Emma church falls short of receiving Basalt’s blessing
If a midvalley congregation prevails in its quest to build a new church in Emma it’s apparently going to be through baptism by fire.Representatives of Grace Church sought an endorsement for their plan from the Basalt Town Council Tuesday night but instead created another opportunity for their critics to vent.The congregation wants to build a church, a small chapel, offices and associated facilities that would eventually total 15,000 square feet on the former Jack Gredig ranch in Emma. The site is south of Highway 82 and just downvalley from the old Emma school. The Gredigs used to graze sheep there.Wayne Starr, an elder with the church, told the council the campus would not only be a place of worship but also a living history farm to showcase Emma’s past. The church’s plan includes a museum, gardens, orchards and refurbished old ranch buildings on 18.5 acres. A trail system on the site would be open to the public.Starr said he figured Basalt would embrace a chance to keep the church in its fold since it has been located in the midvalley for 28 years. The church was formerly known as the Basalt Bible Church. It sold its property along Highway 82 in the El Jebel area to the Alpine Christian Fellowship congregation.The Grace Church now meets at the Eagle County office and community center on Sundays but wants to re-establish its roots. It bought the Gredig ranch earlier this year.Starr said he viewed the church as an ideal kind of land-use proposal since it keeps the property open. The alternative would likely be a secluded, large single-family home.But a handful of neighbors who attended the hearing claimed the church proposal was too big and created too many impacts, like traffic.”I don’t think any of the neighbors in Emma are terribly thrilled with this,” said area resident David Kelly.He labeled the plan the “worst kind” of land use outside an urban growth boundary. Kelly challenged whether the Emma area should really host facilities that will have a 113-vehicle parking lot. “This is strictly a commuter compound,” he said.Liz Conners, another resident, said she wasn’t against a church per se, just a church at that location. It’s going to change the character of the Emma residential area and potentially spark growth.”If you start your growth out here it’s going to infill toward town, obviously,” she said.At least 30 members of the congregation showed up to extoll the virtues of the church and there was additional support voiced by members of the Episcopalian church in Basalt.But Basalt Town Manager Bill Efting did his best to steer the council out of the fray. He reminded them that standard procedure was to have the planning commission establish the town’s position.Basalt town government doesn’t have the power to approve or deny the church application. The site is located in unincorporated Pitkin County. However, the governments have an agreement that gives the town clout on land-use issues near its border.Starr explained that he wanted the council’s “blessing” for the project and as much support as it could earn from neighbors before it is formally reviewed by the Pitkin County commissioners.But the council took Efting’s advice and remanded the issue back to its planning commission, which has already advised once against approval. Some council members couldn’t resist commenting.Councilwoman Anne Freedman said the amount of development proposed was too much for a rural area. She also noted that it was ironic that earlier in the same meeting the town had honored Emma-area resident Ginny Parker for placing a conservation easement on 25 acres of ranch land then was being asked to endorse the church’s plan to develop 18.5 acres of ranch land.Councilman Glenn Rappaport expressed a completely different view. The congregation, neighbors and area officials ought to be figuring out a way to keep an “essential civic amenity” in Basalt.Mayor Leroy Duroux expressed support for the church, but agreed the matter should be decided by the planning commission.”Is this the ideal location? Probably not,” he said. “Are there other options? Probably not.”Scott Condon’s e-mail address is firstname.lastname@example.org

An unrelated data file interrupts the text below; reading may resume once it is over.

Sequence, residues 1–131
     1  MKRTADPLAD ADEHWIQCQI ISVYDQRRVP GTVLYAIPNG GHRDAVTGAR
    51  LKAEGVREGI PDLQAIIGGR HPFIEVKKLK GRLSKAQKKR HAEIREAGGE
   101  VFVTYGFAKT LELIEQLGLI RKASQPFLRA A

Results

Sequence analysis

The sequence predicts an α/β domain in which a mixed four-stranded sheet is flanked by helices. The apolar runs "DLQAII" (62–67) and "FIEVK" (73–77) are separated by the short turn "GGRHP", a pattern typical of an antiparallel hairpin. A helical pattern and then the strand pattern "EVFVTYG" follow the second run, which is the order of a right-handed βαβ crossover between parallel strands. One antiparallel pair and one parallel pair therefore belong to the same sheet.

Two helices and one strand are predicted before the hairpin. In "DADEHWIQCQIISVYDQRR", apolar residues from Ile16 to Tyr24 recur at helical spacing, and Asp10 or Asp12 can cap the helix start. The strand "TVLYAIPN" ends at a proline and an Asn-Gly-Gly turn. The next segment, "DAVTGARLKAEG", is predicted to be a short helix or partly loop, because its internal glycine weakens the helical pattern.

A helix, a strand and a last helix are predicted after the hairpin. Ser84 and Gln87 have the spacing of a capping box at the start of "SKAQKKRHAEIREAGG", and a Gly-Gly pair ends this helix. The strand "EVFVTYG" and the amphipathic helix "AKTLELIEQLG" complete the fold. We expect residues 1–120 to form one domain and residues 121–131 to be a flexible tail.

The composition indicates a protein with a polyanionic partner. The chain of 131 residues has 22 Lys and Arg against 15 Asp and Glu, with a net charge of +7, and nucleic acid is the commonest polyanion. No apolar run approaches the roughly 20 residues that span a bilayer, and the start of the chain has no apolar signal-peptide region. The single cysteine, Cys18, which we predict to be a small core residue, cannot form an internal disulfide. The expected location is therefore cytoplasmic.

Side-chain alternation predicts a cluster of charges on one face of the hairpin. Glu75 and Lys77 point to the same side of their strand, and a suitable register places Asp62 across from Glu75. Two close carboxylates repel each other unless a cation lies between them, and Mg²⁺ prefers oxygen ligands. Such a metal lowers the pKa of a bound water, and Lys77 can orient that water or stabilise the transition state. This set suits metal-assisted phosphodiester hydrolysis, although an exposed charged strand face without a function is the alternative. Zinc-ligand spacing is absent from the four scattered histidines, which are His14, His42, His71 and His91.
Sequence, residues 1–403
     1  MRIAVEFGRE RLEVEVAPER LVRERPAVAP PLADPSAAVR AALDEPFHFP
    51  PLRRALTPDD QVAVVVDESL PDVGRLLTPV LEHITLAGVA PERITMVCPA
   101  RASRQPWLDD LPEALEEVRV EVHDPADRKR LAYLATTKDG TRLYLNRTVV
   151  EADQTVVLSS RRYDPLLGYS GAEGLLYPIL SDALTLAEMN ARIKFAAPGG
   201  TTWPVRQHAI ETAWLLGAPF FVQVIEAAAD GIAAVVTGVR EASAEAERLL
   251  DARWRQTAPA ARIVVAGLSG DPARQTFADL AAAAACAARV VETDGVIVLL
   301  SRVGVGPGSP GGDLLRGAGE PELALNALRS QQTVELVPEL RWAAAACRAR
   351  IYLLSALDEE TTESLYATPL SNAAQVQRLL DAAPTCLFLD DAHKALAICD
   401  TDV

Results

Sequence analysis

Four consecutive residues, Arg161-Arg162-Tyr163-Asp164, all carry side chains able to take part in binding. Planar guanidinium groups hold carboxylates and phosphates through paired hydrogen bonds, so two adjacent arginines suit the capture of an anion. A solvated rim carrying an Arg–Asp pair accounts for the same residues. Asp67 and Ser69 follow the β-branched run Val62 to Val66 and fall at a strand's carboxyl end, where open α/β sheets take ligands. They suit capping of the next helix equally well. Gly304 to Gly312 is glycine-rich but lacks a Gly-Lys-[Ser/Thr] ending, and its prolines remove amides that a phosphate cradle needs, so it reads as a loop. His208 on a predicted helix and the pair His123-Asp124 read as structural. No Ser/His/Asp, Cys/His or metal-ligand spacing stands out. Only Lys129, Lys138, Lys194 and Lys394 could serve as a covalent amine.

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Telemedicine is a growing field that provides Roaring Fork Valley residents with access to specialists without driving to Denver or Grand Junction. A new midvalley business called Sentia is providing facilities to make telemedicine more accessible.